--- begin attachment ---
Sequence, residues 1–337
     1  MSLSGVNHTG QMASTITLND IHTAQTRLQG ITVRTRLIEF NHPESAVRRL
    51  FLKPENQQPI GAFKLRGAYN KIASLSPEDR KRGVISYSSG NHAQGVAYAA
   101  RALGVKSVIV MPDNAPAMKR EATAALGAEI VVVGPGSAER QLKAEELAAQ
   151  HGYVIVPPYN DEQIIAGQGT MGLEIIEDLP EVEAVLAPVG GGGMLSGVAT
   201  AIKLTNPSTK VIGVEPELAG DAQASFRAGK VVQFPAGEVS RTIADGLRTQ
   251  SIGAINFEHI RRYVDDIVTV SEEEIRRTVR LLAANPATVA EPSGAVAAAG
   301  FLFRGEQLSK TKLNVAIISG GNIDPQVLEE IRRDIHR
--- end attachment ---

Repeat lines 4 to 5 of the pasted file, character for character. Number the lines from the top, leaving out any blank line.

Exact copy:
   101  RALGVKSVIV MPDNAPAMKR EATAALGAEI VVVGPGSAER QLKAEELAAQ
   151  HGYVIVPPYN DEQIIAGQGT MGLEIIEDLP EVEAVLAPVG GGGMLSGVAT